Matthew 2:13: “When Herod saw that he had been tricked by the wise men, he was infuriated, and he sent and killed all the children in and around Bethlehem who were 2 years old or under, according to the time that he had learned from the wise men.[j] Then was fulfilled what had been spoken through the prophet Jeremiah 18: “A voice was heard in Ramah, wailing and loud lamentation, Rachel weeping for her children; she refused to be consoled, because they are no more.
Matthew 2:13a: an angel of the Lord appeared to Joseph in a dream and said, “Get up, take the child and his mother, and flee to Egypt, and remain there until I tell you; for Herod is about to search for the child, to destroy him.” 14 Then Joseph[a] got up, took the child and his mother by night, and went to Egypt, 15 and remained there until the death of Herod. This was to fulfill what had been spoken by the Lord through the prophet, “Out of Egypt I have called my son.”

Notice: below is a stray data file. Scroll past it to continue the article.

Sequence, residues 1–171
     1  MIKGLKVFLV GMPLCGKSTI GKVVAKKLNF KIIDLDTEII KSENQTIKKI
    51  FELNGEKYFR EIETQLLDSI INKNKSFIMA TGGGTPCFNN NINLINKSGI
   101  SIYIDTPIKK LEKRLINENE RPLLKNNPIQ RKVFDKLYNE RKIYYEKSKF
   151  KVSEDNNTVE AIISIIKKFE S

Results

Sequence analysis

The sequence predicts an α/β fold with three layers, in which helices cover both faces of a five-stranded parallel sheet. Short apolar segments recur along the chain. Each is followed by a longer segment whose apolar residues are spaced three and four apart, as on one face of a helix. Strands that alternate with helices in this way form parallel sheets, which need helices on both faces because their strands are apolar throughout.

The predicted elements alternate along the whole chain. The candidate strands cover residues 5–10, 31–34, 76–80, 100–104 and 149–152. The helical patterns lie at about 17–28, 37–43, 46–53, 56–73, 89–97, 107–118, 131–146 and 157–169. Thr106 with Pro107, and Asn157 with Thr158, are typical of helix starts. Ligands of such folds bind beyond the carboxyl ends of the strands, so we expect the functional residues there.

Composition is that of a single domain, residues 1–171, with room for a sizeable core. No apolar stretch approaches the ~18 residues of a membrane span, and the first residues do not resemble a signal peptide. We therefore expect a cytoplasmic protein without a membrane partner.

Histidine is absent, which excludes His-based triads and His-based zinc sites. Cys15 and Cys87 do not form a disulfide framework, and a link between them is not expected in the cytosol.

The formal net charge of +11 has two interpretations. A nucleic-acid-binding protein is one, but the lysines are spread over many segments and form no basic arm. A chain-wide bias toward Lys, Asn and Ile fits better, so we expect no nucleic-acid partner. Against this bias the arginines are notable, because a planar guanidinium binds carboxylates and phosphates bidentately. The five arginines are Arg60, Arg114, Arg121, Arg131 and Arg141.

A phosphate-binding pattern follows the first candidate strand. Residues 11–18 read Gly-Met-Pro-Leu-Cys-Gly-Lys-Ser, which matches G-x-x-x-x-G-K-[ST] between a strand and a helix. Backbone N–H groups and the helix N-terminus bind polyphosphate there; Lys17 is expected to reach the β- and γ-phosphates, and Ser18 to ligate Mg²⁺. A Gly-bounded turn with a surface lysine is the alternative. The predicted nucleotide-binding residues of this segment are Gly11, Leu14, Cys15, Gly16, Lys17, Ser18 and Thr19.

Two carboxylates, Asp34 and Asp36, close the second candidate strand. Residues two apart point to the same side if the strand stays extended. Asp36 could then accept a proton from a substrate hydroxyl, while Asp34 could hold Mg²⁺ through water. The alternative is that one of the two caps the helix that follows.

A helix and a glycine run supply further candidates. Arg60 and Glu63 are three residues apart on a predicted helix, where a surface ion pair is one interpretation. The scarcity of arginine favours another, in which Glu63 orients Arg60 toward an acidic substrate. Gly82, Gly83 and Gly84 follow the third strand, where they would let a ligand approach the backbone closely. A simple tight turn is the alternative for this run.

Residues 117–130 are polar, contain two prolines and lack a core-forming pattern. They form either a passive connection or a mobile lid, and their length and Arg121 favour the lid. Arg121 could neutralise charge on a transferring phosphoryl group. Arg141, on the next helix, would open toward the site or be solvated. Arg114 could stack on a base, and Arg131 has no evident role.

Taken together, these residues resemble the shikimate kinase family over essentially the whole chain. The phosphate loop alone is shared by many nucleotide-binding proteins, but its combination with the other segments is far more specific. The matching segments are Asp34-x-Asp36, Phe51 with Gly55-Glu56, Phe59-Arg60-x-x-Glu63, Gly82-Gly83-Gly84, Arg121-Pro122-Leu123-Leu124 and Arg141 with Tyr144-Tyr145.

In Matthew’s account, Mary, Joseph and Jesus are refugees. They are political/religious refugees and must flee to Egypt for their lives. Historical? That is debated. But is it true? Certainly.
For our world is filled with refugees from despotic regimes who will kill children and families to stay in power. There are over 500,000 Syrian refugees today in Egypt from Syria.
There are a total of five million refugees and immigrants in Egypt, the largest number coming from the Sudan. Those numbers are hard to grasp or put a face to. So, let’s put the faces of Mary, Joseph and Jesus onto these refugees.
When the founding story of your faith involves refugees could this impact the way we talk about refugees?
The story of Epiphany invites us to identify with refugees, the marginal.
A Christian faith that fails at identification with refugees has betrayed its founding story.